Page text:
As was the case in Japan, this gripping novel is being widely reviewed and acclaimed with Nakamura being compared to some of the world’s greatest writers.
The Wall Street Journal writes that the novel “raises the literary stakes to literally cosmic proportions” and compares the novel to Dostoevsky stating that it is a “saga of good and evil on a Dostoevskian scale”, while the Los Angles Times writes: “Nakamura’s impassioned writing is part of a continuum that stretches from Dostoevsky to Camus to Oe.”
Reviewers in Japan made similar comments when Cult X was published in 2014 as Kyodan X by Shueisha, where it sold in the hundreds of thousands in hardback (Tanko-bon). The novel was compared to both Sartre and Dostoevsky in the Nikkei, Da Vinci News and other publications.
Toshio Takahashi, a professor of literature at Waseda University, a private university in Tokyo where many of Japan’s most famous writers such as Edogawa Ranpo (1894-1965), Haruki Murakami and Yoko Ogawa were students, wrote in his review that despite the book having echoes of Sartre about it, the work was completely original taking literary fiction in a brand new direction. The sensational and devastating coordinated gas attacks on the Tokyo subway by the Japanese religious cult, Aum Shinrikyo (Aum Supreme Truth), that shocked Tokyo, Japan and the world in the 1990s has become a topic that many Japanese authors continue to explore and draw on.
Some of these books are hard and disturbing reads and Nakamura’s is no exception. It blends philosophy, religion, and sex in an information packed 512-pages. One reader commenting on Amazon wrote: “if you are attracted by an exploration of the most extreme of extreme groups imagined by a talented writer, this book could be a winner for you”.
Cult X, translated by Kalau Almony was published by Soho Crime in May. Links to reviews and a synopsis of the book can be found below.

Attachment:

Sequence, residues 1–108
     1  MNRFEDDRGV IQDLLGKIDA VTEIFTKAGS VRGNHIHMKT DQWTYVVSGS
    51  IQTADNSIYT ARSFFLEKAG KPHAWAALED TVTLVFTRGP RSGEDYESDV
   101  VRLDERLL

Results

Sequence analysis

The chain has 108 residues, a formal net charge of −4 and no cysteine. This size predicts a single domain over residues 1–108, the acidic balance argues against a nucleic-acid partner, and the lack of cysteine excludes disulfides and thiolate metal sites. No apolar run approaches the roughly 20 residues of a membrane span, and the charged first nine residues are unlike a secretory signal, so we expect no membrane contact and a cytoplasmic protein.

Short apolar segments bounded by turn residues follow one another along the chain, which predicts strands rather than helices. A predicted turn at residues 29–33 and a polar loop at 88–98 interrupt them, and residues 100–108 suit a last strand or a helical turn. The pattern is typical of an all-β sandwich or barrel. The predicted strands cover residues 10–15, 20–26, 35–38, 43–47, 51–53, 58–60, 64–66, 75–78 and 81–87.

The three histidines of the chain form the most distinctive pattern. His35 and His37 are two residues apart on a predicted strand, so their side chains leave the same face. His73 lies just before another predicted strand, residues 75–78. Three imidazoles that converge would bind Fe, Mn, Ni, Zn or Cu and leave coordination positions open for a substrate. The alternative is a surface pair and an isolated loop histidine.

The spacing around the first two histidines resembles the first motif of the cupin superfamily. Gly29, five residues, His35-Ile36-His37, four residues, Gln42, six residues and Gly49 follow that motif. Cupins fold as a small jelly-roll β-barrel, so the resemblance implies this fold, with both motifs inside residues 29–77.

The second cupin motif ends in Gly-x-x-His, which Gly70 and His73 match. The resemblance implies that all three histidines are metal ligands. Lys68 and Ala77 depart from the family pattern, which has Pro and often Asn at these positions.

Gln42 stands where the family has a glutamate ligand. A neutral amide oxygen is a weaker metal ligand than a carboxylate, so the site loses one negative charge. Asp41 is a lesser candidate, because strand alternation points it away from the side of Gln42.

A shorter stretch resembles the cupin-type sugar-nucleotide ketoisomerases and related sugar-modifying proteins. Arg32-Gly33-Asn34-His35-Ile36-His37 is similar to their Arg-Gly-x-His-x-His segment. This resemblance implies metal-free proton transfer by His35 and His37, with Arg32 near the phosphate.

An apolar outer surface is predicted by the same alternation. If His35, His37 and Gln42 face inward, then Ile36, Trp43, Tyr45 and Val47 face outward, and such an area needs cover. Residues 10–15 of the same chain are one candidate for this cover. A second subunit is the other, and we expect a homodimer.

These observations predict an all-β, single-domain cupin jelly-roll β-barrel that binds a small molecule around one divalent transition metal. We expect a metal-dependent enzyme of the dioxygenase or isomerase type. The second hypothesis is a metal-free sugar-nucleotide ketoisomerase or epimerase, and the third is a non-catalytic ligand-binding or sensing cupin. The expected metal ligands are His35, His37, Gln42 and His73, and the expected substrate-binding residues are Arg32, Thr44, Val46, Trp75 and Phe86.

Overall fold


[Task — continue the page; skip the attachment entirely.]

English Language Reviews:
When Toru Narazaki’s girlfriend, Ryoko Tachibana, disappears, he tries to track her down, despite the warnings of the private detective he’s hired to find her. Ryoko’s past is shrouded in mystery, but the one concrete clue to her whereabouts is a previous address in the heart of Tokyo.
She lived in a compound with a group that seems to be a cult led by a charismatic guru with a revisionist Buddhist scheme of life, death, and society. Narazaki plunges into the secretive world of the cult, ready to expose himself to any of the guru’s brainwashing tactics if it means he can learn the truth about Ryoko. But the cult isn’t what he expected, and he has no idea of the bubbling violence he is stepping into.
Inspired by the 1995 sarin gas terrorist attack on the Tokyo subway, Cult X is an exploration of what draws individuals into extremism. It is a tour de force that captures the connections between astrophysics, neuroscience, and religion; an invective against predatory corporate consumerism and exploitative geopolitics; and a love story about compassion in the face of nihilism.
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